What is stigma?

Stigma is a mark of disgrace that sets a person apart from others. When a person is labelled by their illness they are no longer seen as an individual but as part of a stereotyped group. Negative attitudes and beliefs toward this group create prejudice which leads to negative actions and discrimination.

Stigma = stereotyping >prejudice >discrimination.

Stigma brings experiences and feelings of:

  • shame
  • blame
  • hopelessness
  • distress
  • secrecy
  • loneliness, isolation and social exclusion
  • stereotyping and derogatory labels
  • misrepresentation in the media
  • being treated differently than the rest of society
  • discrimination in housing, employment or services

Stigma worsens a person’s illness and can lead to a reluctance to seek and/or accept necessary help.

Families are also affected by stigma, leading to a lack of disclosure and support.  And, importantly, when the fear of stigma or alienation prevents an individual from seeking help or testing, it can have dangerous consequences for the individual and for the community as undiagnosed and untreated disease spreads.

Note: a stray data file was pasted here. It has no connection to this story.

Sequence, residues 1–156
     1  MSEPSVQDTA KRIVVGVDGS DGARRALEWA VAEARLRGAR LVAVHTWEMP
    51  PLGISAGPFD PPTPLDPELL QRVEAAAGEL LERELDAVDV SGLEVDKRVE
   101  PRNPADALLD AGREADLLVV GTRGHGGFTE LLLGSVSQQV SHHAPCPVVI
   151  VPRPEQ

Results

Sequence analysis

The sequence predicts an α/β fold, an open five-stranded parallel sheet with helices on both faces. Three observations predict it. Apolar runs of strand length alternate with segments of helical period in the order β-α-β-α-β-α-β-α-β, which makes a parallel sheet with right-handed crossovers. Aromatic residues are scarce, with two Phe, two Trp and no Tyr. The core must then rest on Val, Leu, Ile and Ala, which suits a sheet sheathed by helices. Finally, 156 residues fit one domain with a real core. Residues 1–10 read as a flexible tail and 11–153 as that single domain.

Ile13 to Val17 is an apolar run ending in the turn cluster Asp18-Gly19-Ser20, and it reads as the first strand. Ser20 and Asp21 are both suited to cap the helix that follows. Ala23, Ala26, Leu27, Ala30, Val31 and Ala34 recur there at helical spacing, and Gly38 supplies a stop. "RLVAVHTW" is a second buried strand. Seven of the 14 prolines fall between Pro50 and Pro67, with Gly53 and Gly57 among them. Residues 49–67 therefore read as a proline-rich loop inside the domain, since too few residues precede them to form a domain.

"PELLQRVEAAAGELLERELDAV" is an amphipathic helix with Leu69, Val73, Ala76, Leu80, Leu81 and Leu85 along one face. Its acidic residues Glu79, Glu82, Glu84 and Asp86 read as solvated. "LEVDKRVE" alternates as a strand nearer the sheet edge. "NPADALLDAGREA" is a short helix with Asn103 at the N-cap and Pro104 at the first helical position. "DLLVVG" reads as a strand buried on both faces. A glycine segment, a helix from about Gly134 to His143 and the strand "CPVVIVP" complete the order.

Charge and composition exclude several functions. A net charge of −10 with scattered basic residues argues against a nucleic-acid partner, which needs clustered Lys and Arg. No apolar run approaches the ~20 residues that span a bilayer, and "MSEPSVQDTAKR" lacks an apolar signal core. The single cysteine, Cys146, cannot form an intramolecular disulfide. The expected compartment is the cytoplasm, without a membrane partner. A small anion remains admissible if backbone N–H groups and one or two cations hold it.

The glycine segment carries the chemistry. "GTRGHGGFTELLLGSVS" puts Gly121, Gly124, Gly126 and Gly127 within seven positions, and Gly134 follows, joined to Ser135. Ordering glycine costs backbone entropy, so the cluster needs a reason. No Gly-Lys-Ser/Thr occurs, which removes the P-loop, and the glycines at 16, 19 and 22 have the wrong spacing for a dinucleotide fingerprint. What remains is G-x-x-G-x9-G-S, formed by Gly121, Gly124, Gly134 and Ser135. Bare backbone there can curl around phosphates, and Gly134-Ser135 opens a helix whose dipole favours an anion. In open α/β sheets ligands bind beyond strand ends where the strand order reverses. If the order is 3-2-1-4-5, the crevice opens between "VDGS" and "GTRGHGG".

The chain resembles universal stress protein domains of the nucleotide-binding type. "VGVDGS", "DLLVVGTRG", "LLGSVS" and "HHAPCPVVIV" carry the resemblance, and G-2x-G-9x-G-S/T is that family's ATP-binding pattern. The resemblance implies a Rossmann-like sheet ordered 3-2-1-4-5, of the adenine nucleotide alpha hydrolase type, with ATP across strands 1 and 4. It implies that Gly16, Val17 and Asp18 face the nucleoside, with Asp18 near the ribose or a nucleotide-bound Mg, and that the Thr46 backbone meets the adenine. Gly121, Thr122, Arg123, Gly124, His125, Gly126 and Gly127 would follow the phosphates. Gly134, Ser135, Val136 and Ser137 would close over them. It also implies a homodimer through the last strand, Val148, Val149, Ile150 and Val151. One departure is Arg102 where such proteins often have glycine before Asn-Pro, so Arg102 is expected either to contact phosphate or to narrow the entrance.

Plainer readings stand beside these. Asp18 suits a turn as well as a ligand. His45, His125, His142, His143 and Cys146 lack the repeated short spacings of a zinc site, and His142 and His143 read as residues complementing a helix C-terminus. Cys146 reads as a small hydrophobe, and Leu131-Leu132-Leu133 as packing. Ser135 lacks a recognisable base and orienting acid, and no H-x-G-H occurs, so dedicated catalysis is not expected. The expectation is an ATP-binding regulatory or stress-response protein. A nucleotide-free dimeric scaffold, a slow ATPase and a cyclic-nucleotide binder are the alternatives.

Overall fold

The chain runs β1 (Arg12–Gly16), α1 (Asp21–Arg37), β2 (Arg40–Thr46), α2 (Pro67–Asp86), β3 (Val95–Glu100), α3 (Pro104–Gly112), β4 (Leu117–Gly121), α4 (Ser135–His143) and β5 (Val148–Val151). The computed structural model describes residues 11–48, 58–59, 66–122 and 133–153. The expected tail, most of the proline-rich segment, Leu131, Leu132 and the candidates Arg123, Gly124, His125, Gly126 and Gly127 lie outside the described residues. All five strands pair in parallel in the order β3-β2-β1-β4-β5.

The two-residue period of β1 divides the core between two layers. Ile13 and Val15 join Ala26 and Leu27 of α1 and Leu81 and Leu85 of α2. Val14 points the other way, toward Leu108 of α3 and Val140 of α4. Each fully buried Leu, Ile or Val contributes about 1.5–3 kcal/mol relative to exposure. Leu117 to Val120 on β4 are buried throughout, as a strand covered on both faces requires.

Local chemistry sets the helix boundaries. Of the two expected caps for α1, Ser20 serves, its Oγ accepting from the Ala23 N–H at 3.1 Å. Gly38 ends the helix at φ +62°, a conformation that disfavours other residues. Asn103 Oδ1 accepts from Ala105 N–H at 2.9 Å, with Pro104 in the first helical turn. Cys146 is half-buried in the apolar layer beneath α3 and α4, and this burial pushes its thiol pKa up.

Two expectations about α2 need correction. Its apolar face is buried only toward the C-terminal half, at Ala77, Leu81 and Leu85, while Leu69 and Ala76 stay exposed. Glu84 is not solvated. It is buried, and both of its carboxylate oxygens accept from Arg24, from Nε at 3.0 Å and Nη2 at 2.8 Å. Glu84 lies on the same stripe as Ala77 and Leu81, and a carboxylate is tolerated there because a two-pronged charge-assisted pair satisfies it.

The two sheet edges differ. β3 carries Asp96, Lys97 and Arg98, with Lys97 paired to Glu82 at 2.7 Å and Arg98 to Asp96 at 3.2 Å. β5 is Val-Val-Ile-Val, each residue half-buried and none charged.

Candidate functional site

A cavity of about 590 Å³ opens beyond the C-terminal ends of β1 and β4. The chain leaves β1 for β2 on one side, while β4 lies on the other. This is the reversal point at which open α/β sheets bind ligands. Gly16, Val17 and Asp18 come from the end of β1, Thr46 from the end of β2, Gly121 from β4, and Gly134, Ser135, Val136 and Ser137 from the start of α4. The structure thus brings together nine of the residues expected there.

Please let us work together to assure that no one on Block Island avoids testing for fear of the reaction of others if they are found to have contracted this virus.

If you become ill with fever or flu-like symptoms, do not hesitate to reach out to the Medical Center by phone; CALL FIRST before coming to the Medical Center so we can ensure the safety of all Block Islanders. Together we will work out next steps and ensure you receive the care you need.  (401) 466-2974 ext. 3

The RI Department of Health has information regarding services and helplines to help during this crisis.

 Mental and Behavioral Health Resources 24/7 Crisis Lines

  • BH Link • Tel: 401-414-5465 • Location: People can also present in-person to 975 Waterman Ave, East Providence, RI 02914
  • Kids’ Link RI (specifically for children and adolescents) • Tel: 1-855-543-5465
  • Disaster Distress Helpline • Tel: 1-800-985-5990
  • Community Care Alliance • Tel: 401-235-7120
  • Gateway Healthcare • Tel: 401-723-1915 or 401-553-1031
  • Newport County Mental Health Center • Tel: 401-846-1213
  • The Providence Center • Tel: 401-274-7111
  • Thrive Behavioral Health • Tel: 401-738-4300
  • Safe Call Now (for first responders and their families) • Tel: 1-206-459-3020 24/7

Text Lines

  • Text TalkWithUs to 66746